To Succeed at Sales, You’ve Got to Interrupt

“Nobody answers a phone that doesn’t ring.” — Jeb Blount

Salespeople must interrupt on the phone

Photo by auremar

Blount, author of Fanatical Prospecting, is a proponent of cold calling.

Mostly on the phone, but he’s not against other methods. The key, he says, is to interrupt:

If you want sustained success in your sales career, if you want to maximize your income, then you’ve got to interrupt prospects. You’ll have to pick up the phone, walk in the door, send an email or text message, or ping a prospect on LinkedIn, Twitter, or Facebook and interrupt someone who is not expecting you to contact them (i.e., you don’t have an appointment or they are not waiting for you to call  or write) and with whom you are not currently engaged in a sales discussion.

Interrupting works. Here is a true story to illustrate:

How Phil Found a Hotel Room
A Sales Prospecting Parable

Last week I finished off a successful revenue initiative with a TV station in Kentucky. On Saturday, I attempted to fly home to Portland, Oregon from Lexington.

Bad weather stymied my first attempt. As I sat at the gate, my plane’s departure time went from 1:25 to 2:00 to 3:30 to 6:00 to…cancelled. 

There were no more planes out of Lexington that day. United Airlines put me on a flight leaving the next afternoon. I was going to need a hotel room for the night.

I set my iPad on a vacant gate counter and began to search online. No dice. Every hotel website within range of Blue Grass Airport was completely full.

  • The Hampton Inn was sold out.
  • Courtyard by Marriott and Residence Inn had no rooms available.
  • Comfort Suites…America’s Best Value Inn…Holiday Inn Express…no vacancy.

It was time to stop looking at websites and start interrupting real human beings. 

I pulled out my phone and began to call the same hotels whose websites had turned me down. Each time a front desk clerk answered, I got to the point quickly.

“Hi, this is Phil Bernstein. My flight’s been cancelled and I’m stuck at the airport. Is there any chance you could get me into a room for the night?”

The first three people I talked to were sympathetic, but it was simple math — every room they had was taken.

I hit paydirt on the fourth call. The clerk at Fairfield Inn & Suites said, “Hang on — we may have something.” I heard him tapping on his keys, and then he said four of the sweetest words on the planet:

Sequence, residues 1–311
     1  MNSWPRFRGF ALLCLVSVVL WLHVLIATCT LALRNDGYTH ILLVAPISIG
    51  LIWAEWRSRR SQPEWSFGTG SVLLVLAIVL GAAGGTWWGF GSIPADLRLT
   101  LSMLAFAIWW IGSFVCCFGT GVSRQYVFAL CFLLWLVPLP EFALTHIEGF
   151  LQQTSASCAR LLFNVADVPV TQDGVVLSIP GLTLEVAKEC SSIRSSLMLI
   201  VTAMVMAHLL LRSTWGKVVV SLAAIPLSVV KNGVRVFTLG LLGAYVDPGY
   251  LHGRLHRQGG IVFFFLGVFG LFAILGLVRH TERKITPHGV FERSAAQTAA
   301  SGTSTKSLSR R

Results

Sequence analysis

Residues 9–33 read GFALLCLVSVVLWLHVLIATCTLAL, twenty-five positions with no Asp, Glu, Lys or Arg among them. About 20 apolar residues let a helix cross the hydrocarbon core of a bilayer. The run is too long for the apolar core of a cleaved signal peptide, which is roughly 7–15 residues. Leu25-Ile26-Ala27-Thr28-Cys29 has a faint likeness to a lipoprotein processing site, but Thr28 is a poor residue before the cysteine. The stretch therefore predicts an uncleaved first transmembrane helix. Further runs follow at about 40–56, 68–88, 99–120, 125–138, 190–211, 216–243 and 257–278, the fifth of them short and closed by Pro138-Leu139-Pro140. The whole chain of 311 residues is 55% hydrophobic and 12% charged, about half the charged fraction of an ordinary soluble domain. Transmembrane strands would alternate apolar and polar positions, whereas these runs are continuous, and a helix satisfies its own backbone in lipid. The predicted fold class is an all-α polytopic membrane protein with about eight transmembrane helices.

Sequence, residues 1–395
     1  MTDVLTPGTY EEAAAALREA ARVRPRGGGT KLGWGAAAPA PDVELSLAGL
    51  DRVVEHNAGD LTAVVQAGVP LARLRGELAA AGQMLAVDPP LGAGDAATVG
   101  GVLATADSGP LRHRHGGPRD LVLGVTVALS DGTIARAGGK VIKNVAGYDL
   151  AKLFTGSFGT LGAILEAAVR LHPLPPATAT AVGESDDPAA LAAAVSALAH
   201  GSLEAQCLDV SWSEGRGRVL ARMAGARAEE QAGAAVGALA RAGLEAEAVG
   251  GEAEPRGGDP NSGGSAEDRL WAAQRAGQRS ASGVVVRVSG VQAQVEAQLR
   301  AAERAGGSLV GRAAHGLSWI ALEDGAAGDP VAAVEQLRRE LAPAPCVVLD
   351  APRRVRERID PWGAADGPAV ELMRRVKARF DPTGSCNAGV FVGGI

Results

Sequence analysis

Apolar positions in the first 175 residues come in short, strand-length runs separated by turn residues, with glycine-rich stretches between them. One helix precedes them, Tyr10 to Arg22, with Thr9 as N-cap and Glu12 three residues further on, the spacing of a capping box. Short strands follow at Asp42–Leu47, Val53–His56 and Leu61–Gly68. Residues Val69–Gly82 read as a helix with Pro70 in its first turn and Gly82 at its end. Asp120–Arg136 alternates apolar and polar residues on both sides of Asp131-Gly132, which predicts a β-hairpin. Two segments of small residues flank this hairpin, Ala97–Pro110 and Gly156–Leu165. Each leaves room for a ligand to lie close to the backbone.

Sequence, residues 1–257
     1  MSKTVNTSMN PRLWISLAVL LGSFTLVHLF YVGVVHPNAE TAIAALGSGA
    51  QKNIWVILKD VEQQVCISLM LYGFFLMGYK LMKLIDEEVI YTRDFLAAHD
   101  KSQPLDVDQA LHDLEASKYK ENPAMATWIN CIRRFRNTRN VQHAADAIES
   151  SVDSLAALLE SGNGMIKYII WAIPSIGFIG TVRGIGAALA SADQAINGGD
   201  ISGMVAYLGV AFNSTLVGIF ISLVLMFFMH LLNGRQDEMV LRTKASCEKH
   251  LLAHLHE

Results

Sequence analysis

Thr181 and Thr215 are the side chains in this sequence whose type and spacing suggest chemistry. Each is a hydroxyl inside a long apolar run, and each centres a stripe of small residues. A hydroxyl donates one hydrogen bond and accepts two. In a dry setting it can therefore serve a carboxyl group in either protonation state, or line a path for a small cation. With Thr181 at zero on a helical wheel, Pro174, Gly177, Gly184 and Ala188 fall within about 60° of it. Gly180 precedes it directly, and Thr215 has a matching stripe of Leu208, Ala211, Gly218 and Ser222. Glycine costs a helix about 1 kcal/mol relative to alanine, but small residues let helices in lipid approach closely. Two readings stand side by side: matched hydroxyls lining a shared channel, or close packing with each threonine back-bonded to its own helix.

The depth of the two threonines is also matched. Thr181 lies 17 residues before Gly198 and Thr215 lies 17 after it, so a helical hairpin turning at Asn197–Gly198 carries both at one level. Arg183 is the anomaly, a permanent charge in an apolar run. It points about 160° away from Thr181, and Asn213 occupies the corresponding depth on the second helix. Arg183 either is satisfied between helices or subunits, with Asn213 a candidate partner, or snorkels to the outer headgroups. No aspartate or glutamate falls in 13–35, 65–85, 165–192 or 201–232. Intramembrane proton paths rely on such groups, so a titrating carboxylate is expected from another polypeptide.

“Got a credit card?”

Twenty minutes later I was in my room.

Jeb Blount sums up resistance to cold calling this way:

For thousands of salespeople, picking up the phone and calling a prospect is the most stressful part of their life. Many of these reluctant salespeople stare at the phone, secretly hoping that it will disappear. They procrastinate, get ducks in a row, and work to ensure that everything is perfect before they dial. Any excuse—and I mean any excuse—to do something else takes priority.

They work over their leaders, too. Whining that no one answers the phone anymore. Arguing that it is a waste of time. Complaining that people don’t like to be contacted by phone.

The complainers have a point: some people don’t like to be contacted by phone. If you call, they might send you to voice mail. Or hang up on you. Or curse you out.

Heck, not long ago I interrupted a car dealer. He cursed me out and hung up on me.

It’s the sort of thing that makes those hotel websites very attractive. They just sit there just waiting for someone like you to fill in the dates and hit “Submit.” No interrupting, no awkward conversation, no cursing. Just a few taps on the keys.

But on a recent Saturday evening, none of those websites had any opportunities. To get what I wanted I had to step out of my comfort zone.

Because nobody answers a phone that doesn’t ring.

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